Mary and Susannah Hill are sister maids living in Oldbourne Manor in England 1610. Its a turbulent time for Catholics, and Oldbourne Manor is thoroughly Catholic. Or at least, it was. Susannah has discovered her sister has left Catholicism and may prove to be a risk to the manor. Will Mary turn the manor in? Will Susannah turn her sister in? The story of a trial between two sisters, and two faiths.
Amanda Clinton offered me a review copy of the book in return for a review of the book here on Epiphanies of Beauty. I am so glad for the opportunity as the book is a gem. What’s more, reading it prompted a little historical research, and even more conversation regarding the time period, Protestantism, and Catholicism. The book is well written, with a literary style and absent of any catchy, modern quips, flippant conversations. It is well written, page turning prose.
That said, I am a bit at odds about the veracity of the history portrayed in the book in regards to Catholics and the printed Bible. Catholics weren’t forbidden to own or read approved copies of sacred scripture. And yet, Susannah is afraid of Mary’s Bible (“she feared the book had dangerous alchemy already creeping into her skin and eyes. It could numb and change her mind, if given time..”), and at odds over reading the Bible at all (“how anyone could take the sacred word of God so lightly as to read it off the page just like any old poem…”). Our faith has never promoted superstition. Or ignorance. It doesn’t seem plausible to me that Susannah would tell Mary “It’s wrong to read the Holy Book!” After this, and not-quite believable deliberation of a priest, there is nothing else to object to in the novel. And all of this occurs within the first five chapters. Still, it is worth mentioning as the entire novel is based on the reformation and Protestant vs. Catholic England and there’s plenty of conflict in the truth that we don’t need to add any to it. Here is a simple enough explanation of the historical scenario. The previously mentioned scenes caused my 11 year old daughter a bit of a problem and she she almost stopped reading because of it. After the research and the conversation we both dug into the novel, free to thoroughly enjoy the remainder of the book.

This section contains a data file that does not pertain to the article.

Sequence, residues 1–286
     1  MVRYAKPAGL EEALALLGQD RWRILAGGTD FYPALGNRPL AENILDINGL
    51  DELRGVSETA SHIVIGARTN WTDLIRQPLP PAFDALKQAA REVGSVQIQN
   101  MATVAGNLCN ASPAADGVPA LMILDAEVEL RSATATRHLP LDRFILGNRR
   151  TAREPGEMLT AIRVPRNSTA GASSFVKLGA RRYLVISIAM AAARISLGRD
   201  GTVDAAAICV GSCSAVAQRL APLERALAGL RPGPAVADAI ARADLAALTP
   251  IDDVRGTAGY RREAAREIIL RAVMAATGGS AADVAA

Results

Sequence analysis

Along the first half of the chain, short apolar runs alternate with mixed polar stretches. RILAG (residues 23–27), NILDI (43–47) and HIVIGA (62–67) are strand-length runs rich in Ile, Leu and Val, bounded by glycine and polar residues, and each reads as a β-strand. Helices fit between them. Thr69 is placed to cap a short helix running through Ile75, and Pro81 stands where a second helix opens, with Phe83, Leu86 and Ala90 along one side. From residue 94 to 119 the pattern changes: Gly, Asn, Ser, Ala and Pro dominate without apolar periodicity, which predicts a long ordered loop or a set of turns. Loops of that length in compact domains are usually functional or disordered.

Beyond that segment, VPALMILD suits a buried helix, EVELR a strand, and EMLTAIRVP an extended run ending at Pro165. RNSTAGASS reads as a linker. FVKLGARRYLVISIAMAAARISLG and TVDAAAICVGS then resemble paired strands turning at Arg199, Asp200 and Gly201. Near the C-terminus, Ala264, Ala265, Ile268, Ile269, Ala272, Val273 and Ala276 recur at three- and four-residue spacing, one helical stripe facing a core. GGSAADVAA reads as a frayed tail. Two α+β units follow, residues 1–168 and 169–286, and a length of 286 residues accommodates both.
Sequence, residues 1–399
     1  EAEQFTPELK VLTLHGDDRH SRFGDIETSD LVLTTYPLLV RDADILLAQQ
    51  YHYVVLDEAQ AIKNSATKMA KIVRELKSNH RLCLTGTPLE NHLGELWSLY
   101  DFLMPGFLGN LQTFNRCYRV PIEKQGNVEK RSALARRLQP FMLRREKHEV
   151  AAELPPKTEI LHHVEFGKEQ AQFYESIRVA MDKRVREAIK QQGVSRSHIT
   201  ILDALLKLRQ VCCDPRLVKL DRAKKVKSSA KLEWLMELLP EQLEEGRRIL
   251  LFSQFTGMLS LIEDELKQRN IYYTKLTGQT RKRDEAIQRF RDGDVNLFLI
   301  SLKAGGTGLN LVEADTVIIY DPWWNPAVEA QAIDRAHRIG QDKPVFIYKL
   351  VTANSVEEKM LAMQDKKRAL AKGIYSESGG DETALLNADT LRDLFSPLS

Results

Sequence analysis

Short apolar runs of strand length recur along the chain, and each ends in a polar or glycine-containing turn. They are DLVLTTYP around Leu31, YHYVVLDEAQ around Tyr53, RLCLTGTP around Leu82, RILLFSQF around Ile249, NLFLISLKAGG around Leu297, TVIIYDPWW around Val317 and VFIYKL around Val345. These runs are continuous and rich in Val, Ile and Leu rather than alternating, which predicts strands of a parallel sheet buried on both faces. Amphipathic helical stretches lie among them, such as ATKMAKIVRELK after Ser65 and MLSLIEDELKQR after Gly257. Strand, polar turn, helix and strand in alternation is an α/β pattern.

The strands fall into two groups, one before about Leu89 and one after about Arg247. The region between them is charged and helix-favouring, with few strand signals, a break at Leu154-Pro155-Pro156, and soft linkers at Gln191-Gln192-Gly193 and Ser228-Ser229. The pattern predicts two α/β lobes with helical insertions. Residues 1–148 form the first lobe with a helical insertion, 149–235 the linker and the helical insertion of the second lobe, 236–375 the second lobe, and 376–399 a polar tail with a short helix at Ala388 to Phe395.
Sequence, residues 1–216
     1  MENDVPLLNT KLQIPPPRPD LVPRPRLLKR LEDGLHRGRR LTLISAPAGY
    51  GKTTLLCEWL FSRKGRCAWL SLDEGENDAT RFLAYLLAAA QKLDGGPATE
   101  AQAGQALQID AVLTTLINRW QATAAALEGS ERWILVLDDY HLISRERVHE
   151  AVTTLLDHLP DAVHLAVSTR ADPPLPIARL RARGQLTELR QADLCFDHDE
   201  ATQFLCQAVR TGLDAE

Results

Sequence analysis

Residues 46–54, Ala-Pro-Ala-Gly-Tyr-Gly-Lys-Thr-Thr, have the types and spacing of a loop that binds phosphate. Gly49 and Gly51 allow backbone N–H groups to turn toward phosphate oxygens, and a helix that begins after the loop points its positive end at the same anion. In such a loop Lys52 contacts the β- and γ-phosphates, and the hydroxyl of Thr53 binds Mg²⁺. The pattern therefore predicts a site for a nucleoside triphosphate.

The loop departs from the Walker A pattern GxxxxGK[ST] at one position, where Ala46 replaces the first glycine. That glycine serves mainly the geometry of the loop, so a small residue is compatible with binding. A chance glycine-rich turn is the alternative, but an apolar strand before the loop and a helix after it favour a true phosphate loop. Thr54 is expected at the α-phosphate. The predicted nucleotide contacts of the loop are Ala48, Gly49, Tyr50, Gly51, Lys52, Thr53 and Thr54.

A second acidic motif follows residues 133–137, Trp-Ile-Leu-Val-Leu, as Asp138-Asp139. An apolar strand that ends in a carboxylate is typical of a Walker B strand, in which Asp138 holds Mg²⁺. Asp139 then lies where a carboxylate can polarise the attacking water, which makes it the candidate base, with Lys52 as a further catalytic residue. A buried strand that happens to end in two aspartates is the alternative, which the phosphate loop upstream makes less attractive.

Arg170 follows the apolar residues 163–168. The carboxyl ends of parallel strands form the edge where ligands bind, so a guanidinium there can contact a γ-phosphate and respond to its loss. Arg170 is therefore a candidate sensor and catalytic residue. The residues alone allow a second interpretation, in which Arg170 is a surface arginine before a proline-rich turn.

And we did enjoy it (and are hoping for a sequel)! The many historical details are woven seamlessly throughout the novel. Blue ribbons, and dining halls. Roasting pits and traveling roads. Its all there, in a 17th century England that you won’t want to miss.
What You Need to Know
- Role Models/Authority Figures – Faithful priests, faithful lay Catholics, honorable men and women.
- Violence – Violence is very cleverly alluded to, but not actually ever seen within the novel.
- SexualContent – The hint of a crush between Susannah and Lord Trefethen.
- Consumerism – None.
- Drinking/Smoking/Drugs – None
- Religion – A bit of misrepresentation about Catholics and Bibles (see my review above), but afterwards very good.
- Other –
I received a complimentary copy of this book in exchange for an honest review. This did not affect my opinion of the book nor did it affect the content of my review.